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  • Saturday, 24 February 2024
Olivia Dunne details the 'moment my life changed,' wants equal NIL opportunities for men and women

Olivia Dunne details the 'moment my life changed,' wants equal NIL opportunities for men and women

Gymnast Olivia Dunne has opened up about the "moment her life changed" when she found out she would no longer be able to compete in college gymnastics due to her decision to monetize her social media presence. In an essay for ESPN, Dunne detailed the challenges she faced in navigating the new Name, Image, and Likeness (NIL) rules in college sports and called for equal opportunities for male and female athletes.

Dunne, a former member of the US national gymnastics team, had signed a letter of intent to compete at LSU. However, when the NCAA announced that student-athletes could profit from their name, image, and likeness, Dunne made the decision to monetize her social media presence by creating a YouTube channel, launching merchandise, and signing a deal with a gymnastics equipment company.

Despite receiving approval from LSU's compliance office and the NCAA, Dunne was informed by LSU's coach that she would no longer be able to compete for the team due to concerns about potential conflicts of interest. Dunne called the decision "devastating" and said that it felt like the "moment her life changed."

In her essay, Dunne argued that male athletes have more opportunities to profit from NIL deals than female athletes, citing the fact that many male athletes have larger social media followings and more lucrative sponsorship deals. She called for equal opportunities for male and female athletes to monetize their social media presence and for schools and the NCAA to support athletes in pursuing NIL deals.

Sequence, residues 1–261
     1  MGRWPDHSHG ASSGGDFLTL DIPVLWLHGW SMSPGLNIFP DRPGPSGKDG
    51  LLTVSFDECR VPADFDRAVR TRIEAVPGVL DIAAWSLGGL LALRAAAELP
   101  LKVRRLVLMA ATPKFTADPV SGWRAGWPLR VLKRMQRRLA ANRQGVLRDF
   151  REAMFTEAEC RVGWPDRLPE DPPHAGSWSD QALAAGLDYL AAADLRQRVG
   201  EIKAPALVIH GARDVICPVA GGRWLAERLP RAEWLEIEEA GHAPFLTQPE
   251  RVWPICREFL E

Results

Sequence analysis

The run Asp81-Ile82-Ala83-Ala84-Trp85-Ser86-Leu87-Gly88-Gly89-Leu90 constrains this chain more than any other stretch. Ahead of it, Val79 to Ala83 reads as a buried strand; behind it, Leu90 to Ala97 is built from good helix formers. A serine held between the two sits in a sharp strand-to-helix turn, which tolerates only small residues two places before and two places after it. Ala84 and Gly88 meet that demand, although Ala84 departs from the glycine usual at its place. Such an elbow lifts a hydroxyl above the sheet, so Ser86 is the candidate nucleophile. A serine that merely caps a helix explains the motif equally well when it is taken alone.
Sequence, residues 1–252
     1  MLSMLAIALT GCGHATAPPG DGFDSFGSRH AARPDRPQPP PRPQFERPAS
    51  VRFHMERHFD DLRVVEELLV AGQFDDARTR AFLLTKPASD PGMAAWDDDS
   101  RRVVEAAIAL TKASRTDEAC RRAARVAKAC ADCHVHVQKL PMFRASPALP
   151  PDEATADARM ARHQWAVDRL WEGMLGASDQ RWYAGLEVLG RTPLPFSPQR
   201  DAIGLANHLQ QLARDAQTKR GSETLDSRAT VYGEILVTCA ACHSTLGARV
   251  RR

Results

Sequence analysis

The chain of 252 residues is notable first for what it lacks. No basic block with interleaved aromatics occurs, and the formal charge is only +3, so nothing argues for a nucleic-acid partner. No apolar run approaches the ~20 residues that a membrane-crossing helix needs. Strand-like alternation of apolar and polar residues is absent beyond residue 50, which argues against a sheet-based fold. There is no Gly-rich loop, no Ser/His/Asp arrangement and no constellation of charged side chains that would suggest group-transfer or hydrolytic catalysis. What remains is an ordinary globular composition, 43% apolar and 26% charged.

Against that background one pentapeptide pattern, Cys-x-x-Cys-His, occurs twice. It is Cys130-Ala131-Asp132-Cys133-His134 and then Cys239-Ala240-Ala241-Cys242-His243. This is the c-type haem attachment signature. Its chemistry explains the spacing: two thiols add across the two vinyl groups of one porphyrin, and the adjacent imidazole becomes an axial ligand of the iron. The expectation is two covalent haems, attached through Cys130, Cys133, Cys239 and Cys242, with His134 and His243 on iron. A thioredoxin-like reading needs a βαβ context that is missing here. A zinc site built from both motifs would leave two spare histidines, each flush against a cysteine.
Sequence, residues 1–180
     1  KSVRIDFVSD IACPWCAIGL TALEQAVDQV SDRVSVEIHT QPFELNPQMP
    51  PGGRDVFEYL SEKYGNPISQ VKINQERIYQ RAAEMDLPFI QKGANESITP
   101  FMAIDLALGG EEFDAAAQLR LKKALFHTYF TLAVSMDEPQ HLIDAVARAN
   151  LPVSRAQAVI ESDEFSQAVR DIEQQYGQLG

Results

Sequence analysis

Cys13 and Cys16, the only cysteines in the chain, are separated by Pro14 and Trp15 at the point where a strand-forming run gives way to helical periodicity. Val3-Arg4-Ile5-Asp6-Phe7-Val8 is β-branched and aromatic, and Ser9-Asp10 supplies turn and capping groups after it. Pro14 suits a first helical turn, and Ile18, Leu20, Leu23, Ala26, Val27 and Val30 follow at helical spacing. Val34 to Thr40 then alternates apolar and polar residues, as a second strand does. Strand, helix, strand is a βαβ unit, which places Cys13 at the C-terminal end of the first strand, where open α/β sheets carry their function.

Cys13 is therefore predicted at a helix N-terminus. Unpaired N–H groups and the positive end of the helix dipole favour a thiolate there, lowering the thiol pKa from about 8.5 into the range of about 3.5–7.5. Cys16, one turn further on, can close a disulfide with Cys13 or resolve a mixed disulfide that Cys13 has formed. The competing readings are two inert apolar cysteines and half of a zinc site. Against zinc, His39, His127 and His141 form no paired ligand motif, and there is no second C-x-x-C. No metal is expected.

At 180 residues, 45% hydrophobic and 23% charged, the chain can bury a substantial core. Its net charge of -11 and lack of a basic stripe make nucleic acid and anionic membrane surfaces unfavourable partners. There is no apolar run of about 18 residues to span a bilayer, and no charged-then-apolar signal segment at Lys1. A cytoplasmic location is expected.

Dunne's story highlights the challenges that student-athletes face in navigating the new NIL rules and the need for schools and the NCAA to provide more support and guidance. It also sheds light on the gender disparities that exist in college sports and the need for greater equity and inclusion.

In response to Dunne's essay, many have expressed their support for her and her call for equal opportunities for male and female athletes. Some have also criticized LSU's decision to bar Dunne from competing and called for greater clarity and consistency in how schools and the NCAA enforce the NIL rules.

As the NCAA and schools continue to grapple with the new NIL rules, it is clear that there is still much work to be done to ensure that all student-athletes have the opportunity to profit from their name, image, and likeness and to address the gender disparities that exist in college sports. Dunne's story serves as a powerful reminder of the importance of equity and inclusion in college athletics and the need for athletes to have a voice in shaping the future of the sport.

 

Gymnast Olivia Dunne has opened up about the "moment her life changed" when she found out she would no longer be able to compete in college gymnastics due to her decision to monetize her social media presence. In an essay for ESPN, Dunne detailed the challenges she faced in navigating the new Name, Image, and Likeness (NIL) rules in college sports and called for equal opportunities for male and female athletes.

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